State Legislator: Career and Salary Facts

Research what it takes to become a state legislator. Learn about job duties, education requirements, job outlook, and salary to find out if this is the career for you. Schools offering Public Administration degrees can also be found in these popular choices.

What Is a State Legislator?

State legislators have a vote and an impact on the issues that face their states. Usually they hold a bachelor's degree in a related field like law, history, public administration or even liberal studies. They run for office, serve on various committees, and work to pass legislation that will affect the citizens of their state in some capacity. The table below outlines the general requirements for this career.

Degree RequiredBachelor's degree
Educational Field of StudyPolitical Science
History
Public Administration
Key ResponsibilitiesCreates and enacts laws, policies, and regulations; studies proposed legislation; meets with constituents
Job Outlook (2014-2024) -1% for all legislators*
Average Salary (May 2015)$42,530 for all legislators*

*Source: U.S. Bureau of Labor Statistics

What Type of Work Do State Legislators Do?

Most states have an upper and a lower house in its legislative branch of government; an assembly and a senate, for example. This legislative body develops state laws, regulations and policies introduced and voted on legislators. Typically, state legislators, also known as state lawmakers, are elected or appointed to represent an area or district of the state for a term defined by a state constitution.

As a legislator, you'll have an office in your state's capital district and one or more offices in your legislative district. You'll study proposed legislation and meet with constituents and representatives of various interest groups. You may draft bills to be presented for a vote by legislative committees, each house chamber and by the full legislature. In many states, legislators serve part-time or for the portion of the year when the legislature is in session. During other periods you may travel your district to attend events and meet with constituents to gain insight on local issues. You'll also be working on political activities such as your re-election campaign.

How Do You Become A State Legislator?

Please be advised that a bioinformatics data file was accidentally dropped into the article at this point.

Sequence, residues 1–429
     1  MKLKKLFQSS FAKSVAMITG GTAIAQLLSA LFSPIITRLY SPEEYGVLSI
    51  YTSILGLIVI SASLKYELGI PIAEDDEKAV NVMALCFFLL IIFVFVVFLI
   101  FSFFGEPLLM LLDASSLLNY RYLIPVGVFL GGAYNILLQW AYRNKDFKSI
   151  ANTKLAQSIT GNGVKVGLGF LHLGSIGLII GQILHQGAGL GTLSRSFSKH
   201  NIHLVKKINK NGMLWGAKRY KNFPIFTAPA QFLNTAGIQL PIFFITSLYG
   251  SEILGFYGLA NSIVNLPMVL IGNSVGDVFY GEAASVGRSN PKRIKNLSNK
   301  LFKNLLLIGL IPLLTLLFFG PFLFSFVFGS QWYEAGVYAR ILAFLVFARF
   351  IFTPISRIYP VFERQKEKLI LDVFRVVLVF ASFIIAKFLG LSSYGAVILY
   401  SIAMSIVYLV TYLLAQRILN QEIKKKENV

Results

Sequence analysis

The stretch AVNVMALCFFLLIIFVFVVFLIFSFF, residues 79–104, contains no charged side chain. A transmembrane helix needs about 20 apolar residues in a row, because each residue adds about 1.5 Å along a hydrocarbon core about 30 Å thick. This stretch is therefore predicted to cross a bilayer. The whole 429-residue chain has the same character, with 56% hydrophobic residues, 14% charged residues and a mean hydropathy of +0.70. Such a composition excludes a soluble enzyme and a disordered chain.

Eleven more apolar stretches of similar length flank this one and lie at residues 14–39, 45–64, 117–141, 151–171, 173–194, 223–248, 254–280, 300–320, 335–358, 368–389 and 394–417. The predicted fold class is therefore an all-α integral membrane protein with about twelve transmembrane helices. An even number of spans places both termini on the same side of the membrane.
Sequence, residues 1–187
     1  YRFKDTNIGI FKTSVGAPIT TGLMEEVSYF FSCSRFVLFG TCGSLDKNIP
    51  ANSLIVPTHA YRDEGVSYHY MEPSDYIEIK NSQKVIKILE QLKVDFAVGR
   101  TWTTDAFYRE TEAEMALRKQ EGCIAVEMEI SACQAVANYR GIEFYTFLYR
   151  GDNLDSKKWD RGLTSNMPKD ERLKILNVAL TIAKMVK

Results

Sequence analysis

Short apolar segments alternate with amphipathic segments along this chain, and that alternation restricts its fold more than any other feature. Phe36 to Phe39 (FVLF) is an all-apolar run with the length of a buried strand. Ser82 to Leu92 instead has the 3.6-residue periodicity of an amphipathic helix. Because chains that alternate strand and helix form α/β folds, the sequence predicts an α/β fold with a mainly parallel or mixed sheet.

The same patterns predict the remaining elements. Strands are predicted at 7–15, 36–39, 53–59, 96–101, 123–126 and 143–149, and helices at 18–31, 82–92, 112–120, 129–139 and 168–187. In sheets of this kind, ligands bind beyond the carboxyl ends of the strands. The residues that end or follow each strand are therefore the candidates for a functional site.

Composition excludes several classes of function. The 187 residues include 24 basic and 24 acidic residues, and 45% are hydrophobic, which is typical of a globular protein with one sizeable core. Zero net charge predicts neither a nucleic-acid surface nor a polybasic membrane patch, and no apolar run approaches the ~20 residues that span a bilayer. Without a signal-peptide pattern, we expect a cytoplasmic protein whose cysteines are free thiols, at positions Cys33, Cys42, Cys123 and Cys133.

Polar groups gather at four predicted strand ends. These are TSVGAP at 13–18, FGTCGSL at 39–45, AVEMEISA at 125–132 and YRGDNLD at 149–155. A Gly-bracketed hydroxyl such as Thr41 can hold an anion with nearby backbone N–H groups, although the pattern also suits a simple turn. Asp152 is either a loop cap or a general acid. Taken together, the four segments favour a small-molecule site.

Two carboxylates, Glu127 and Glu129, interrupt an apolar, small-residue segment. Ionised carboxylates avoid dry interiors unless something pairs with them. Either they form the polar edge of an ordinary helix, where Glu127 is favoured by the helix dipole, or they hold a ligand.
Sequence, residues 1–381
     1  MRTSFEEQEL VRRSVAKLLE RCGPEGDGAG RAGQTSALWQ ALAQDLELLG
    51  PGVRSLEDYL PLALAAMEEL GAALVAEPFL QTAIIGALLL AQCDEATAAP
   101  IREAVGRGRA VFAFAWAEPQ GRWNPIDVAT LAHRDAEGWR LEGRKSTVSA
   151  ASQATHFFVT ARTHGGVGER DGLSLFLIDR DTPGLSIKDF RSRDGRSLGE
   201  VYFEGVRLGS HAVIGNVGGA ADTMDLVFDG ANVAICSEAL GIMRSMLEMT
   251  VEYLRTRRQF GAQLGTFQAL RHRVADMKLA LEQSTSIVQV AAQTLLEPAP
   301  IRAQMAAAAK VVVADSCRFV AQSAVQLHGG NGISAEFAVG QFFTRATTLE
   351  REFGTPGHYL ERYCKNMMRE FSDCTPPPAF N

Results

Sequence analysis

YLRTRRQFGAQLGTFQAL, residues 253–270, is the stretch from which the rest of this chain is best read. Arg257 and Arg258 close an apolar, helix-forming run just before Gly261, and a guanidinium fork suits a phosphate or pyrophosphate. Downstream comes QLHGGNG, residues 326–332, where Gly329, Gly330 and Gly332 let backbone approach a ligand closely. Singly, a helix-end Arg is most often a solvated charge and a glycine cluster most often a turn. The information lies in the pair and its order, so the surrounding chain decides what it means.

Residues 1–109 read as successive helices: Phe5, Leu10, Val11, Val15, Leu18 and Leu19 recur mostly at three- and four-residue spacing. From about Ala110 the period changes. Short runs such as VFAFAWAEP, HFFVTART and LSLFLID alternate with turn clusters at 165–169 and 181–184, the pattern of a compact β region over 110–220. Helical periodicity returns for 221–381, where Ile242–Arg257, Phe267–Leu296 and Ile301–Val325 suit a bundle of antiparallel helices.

Each state's constitution defines residency, citizenship and minimum age requirements for legislators. Active involvement in your community not only helps to prepare you for this job but also helps to establish name recognition, develop contacts, and gain media exposure. You may volunteer and serve in leadership positions for community organizations. Service as an elected official on the local or county level is a common background for state legislators.

Affiliation with and involvement in a political party is usually required to become a legislator. You'll need to obtain the endorsement of your party, often through primary elections, and then run for office in the general election. An option may be to run as an independent candidate. In either case, you'll need to secure a spot on the ballot through a nominating petition with the signatures of a prescribed percentage of registered voters in your district, as defined in your state's laws or constitution.

No particular educational path is required to serve as a state legislator. You may find courses in government, political science, public administration, and history relevant. Many state lawmakers are lawyers, but a wide array of professional backgrounds are represented.

What Is the Path for Advancement?

Some popular legislators serve for decades in the state legislature. Some states, however, have term limits that dictate how long a legislator may remain in office. According to the National Conference of State Legislators (NCSL), as of 2017, 15 states had such limits (www.ncsl.org).

Some legislators run for office in the upper house of the state legislature directly, but many may advance from the lower house to the upper house. After service in the state legislature, you might decide to run for the United States Congress or Senate. Legislators may also go on to serve as lieutenant governor or governor.

What Might I Expect to Earn?

Salaries for legislators vary by state. As of May 2015, the U.S. Bureau of Labor Statistics reported that the average salary for all legislators, including those at the local and tribal levels, was $42,530. Some states pay legislators by the day; others pay by the term. States may pay per diem fees to legislators to cover lodging and other expenses while they are working in the state capital away from their legislative districts.

What Are Some Related Alternative Careers?

A similar career to explore could be that of a lobbyist. These professionals educate legislators about laws they need passed or stopped. Another career could include working for a company as a consultant, director or manager, and these jobs also require bachelor's degrees. In some cases consultants can find work in government either at the state or federal levels.

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